ADDIS ABABA, Ethiopia (AP) – Ethiopia has detained 63 intelligence officers, military personnel and businessmen for alleged violations of rights and corruption.
Broad-profile arrests in recent days are the result of a monthly investigation by Prime Minister Abiy Ahmed on the grounds of abuses by the previous government.
Attorney Berhanu Tsegaye told the media that some detainees are suspected of abuses of prisons, including "fakes, forced confessions, sodomy, rape, blackout, and even murders".
Some detainees are accused of misappropriating a state-owned military association, Metal and Engineering Corporation, who was robbed of a multi-billion dollar corruption system, he said.
Berhanu also said that the former Spy Director of Ethiopia has been suspected of participating in an attempt to assassinate a new Prime Minister on June 23 rally. Although other officials involved in the execution have fled the country, the former intelligence chief now resides in northern Ethiopia and he should turn to the authorities, he said.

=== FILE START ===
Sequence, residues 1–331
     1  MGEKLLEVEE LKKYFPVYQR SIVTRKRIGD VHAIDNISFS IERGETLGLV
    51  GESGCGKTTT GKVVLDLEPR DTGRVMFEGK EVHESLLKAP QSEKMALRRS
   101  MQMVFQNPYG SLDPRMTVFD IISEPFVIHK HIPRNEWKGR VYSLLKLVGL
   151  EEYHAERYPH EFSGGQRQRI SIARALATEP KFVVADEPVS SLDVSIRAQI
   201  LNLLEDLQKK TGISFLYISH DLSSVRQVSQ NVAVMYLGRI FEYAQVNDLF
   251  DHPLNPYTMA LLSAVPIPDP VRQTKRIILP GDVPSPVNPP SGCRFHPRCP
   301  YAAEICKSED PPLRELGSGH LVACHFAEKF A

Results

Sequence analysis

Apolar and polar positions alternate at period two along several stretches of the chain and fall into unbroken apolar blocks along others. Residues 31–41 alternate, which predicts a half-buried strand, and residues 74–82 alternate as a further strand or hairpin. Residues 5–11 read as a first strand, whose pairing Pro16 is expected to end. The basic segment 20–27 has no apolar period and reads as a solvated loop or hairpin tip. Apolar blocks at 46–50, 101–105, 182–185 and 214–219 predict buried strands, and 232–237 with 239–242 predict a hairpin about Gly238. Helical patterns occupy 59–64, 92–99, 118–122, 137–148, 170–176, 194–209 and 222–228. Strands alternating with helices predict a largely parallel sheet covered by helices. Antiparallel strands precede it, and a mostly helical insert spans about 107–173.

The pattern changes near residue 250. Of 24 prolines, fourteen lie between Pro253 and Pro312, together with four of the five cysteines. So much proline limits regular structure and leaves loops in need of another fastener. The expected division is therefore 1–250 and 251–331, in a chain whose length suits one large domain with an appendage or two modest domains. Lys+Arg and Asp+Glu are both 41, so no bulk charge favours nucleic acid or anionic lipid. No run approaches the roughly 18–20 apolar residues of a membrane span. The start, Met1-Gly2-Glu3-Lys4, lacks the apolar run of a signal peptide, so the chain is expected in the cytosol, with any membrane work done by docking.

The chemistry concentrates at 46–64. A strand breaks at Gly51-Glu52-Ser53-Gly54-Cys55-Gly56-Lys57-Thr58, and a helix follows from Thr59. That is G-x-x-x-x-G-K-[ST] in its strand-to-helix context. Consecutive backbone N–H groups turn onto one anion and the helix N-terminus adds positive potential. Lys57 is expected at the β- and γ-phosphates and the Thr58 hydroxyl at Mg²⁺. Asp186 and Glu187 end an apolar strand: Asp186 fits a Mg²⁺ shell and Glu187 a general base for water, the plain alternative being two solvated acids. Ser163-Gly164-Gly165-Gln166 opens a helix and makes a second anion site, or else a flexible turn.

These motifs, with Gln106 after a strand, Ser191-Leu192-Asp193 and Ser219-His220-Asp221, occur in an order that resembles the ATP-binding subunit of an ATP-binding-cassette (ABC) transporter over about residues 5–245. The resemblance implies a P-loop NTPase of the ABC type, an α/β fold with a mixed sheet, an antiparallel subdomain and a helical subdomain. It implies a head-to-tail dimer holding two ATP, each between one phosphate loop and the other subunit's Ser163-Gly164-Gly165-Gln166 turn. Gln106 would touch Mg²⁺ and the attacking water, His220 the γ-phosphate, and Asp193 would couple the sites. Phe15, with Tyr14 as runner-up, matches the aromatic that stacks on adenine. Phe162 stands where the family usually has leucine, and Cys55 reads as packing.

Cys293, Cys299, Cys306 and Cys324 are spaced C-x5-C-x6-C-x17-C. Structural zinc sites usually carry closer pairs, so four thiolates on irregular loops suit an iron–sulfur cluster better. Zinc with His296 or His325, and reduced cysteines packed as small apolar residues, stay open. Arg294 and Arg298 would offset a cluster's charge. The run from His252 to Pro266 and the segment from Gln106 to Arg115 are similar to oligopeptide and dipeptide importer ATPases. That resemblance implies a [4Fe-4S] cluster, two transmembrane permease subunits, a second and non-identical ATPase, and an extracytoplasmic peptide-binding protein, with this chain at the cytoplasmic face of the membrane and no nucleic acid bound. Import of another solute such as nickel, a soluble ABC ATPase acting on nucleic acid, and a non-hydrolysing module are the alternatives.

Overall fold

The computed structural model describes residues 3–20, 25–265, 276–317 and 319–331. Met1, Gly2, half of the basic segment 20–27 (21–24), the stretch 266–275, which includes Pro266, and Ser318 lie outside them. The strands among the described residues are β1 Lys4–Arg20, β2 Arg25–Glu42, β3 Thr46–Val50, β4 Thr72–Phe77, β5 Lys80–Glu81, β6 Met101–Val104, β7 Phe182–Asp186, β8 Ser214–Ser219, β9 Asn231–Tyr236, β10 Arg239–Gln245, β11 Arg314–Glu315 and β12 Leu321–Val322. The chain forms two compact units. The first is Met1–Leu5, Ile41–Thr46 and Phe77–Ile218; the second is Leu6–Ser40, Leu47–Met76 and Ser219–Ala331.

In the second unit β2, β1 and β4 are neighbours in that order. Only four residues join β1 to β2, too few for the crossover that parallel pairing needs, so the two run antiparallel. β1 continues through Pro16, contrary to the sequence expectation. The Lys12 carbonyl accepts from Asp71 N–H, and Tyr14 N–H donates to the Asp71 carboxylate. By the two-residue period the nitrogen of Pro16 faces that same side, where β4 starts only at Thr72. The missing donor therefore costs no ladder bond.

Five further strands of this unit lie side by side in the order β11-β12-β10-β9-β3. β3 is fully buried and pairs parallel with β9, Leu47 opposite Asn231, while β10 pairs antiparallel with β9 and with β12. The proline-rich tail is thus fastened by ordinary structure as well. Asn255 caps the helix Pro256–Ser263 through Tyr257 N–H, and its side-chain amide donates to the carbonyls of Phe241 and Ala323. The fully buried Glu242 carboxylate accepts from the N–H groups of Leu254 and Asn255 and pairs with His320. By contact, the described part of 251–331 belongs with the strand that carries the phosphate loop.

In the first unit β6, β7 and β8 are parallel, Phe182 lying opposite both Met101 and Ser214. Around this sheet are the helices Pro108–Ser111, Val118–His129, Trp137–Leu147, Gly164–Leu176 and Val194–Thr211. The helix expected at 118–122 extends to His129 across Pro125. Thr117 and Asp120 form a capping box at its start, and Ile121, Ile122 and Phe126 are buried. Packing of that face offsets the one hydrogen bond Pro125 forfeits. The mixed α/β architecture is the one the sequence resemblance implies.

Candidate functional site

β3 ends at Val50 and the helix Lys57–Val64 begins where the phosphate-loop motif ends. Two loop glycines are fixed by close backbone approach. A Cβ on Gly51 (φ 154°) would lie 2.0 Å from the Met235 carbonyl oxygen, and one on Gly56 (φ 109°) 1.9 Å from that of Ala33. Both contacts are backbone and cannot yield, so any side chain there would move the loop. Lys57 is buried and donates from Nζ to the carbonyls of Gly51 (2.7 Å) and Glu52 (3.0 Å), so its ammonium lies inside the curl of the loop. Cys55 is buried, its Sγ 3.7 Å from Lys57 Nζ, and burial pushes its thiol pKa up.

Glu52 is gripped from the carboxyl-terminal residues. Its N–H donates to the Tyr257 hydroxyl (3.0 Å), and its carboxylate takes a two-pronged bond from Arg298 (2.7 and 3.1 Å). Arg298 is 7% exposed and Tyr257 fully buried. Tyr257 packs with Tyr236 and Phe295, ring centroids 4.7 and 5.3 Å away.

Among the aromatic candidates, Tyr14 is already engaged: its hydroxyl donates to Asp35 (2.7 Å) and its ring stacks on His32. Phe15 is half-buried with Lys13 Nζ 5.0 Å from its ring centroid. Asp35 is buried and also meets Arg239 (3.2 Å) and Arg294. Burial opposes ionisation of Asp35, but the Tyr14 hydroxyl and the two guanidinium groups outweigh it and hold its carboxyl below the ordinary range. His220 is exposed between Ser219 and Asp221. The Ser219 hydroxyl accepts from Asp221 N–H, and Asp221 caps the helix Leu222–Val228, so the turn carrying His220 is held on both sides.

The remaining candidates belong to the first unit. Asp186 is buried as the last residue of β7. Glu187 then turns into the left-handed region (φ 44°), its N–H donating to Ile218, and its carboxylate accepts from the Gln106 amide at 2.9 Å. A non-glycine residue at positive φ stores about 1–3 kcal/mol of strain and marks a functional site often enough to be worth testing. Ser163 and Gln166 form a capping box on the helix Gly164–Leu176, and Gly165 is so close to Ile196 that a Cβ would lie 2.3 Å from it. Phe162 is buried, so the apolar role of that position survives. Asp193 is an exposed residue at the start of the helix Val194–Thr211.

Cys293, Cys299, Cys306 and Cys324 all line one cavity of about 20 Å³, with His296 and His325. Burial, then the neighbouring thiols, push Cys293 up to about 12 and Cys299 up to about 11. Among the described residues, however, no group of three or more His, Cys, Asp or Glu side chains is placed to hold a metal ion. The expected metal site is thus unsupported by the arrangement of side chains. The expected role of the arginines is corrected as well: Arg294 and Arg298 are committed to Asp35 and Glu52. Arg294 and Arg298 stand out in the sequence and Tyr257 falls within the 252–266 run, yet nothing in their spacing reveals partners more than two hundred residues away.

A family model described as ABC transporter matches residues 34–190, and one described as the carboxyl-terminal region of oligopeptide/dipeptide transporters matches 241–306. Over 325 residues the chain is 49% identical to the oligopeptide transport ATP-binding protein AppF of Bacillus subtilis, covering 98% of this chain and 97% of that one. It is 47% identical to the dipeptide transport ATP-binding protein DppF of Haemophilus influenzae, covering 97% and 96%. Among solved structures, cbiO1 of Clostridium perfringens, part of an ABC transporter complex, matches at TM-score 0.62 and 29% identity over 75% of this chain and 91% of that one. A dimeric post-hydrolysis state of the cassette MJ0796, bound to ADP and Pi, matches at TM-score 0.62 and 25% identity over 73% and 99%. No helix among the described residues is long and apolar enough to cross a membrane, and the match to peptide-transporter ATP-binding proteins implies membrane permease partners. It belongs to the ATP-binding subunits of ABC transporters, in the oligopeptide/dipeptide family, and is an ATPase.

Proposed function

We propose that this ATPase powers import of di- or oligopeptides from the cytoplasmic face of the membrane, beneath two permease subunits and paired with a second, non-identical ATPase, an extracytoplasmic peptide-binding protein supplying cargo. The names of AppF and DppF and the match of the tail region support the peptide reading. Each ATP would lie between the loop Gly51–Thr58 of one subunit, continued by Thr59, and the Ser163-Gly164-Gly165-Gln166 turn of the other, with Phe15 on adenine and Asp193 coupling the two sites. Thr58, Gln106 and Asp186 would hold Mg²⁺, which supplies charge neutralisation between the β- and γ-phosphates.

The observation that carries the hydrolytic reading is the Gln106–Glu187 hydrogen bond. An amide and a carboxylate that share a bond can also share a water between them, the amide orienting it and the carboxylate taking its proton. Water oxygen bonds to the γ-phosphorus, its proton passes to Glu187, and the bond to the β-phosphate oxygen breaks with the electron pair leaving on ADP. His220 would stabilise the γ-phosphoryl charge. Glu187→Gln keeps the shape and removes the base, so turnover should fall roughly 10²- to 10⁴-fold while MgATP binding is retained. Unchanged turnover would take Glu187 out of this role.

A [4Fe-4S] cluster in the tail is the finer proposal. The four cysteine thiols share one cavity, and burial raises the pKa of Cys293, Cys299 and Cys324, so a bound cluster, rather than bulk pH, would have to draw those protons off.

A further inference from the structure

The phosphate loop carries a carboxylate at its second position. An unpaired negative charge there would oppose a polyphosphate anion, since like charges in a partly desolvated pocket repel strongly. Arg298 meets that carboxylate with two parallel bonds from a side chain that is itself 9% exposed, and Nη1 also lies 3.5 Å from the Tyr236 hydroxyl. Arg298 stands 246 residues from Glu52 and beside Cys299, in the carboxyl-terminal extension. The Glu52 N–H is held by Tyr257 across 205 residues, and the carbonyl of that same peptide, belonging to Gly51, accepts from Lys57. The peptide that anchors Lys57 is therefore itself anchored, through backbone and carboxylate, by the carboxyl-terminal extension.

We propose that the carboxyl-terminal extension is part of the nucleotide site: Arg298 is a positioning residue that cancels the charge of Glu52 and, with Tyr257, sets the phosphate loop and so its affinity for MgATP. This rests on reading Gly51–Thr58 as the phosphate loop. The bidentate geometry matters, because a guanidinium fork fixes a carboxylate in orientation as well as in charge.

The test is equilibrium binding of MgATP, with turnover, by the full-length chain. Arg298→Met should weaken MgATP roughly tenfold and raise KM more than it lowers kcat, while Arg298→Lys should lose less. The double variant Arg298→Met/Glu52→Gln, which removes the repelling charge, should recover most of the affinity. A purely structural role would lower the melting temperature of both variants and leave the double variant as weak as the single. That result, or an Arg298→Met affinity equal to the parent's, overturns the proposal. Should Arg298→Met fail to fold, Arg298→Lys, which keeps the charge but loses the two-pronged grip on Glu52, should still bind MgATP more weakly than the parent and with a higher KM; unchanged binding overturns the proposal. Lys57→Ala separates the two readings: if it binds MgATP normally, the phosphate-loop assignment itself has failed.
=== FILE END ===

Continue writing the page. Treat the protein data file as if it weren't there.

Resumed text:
Opponent Yilikal Getnet told The Associated Press that the public had demanded the arrest of former civil servants.
"These have been the things that the opposition members have long asked for," he said, adding that Ethiopia needed the truth and reconciliation process to investigate the past misconceptions. "The ruling party alone can not bring justice to all these earlier atrocities."
According to the previous government, Ethiopia, the nearby security union of the West, was accused of violating the rights of human rights activists. Abiy, 42, came into force in April when the new government has released several thousands of political prisoners, allowing the expelled opposition groups to return home, dropping terrorist charges on major opposition politicians, and allowing the media to operate more freely.
Despite the reforms, ethnic battles continue in some parts of Ethiopia and are the most serious threat to Abiy's 100 million people in East Africa.
Amnesty International welcomed the arrests.
"These detentions are an important first step to ensure that abuses that have been landing for many decades are fully responsible," said Joan Nyanyuki, Amnesty International's East Africa Director. "Many of these officials, under the leadership of government agencies, are saddened by human rights abuses such as torture and arbitrary detention of people, including secret institutions. We call upon Prime Minister Abiy's government to take further action on the rights and responsibilities of all previous human rights violations and abuses while ensuring that all arrested individuals receive fair Legal proceedings. "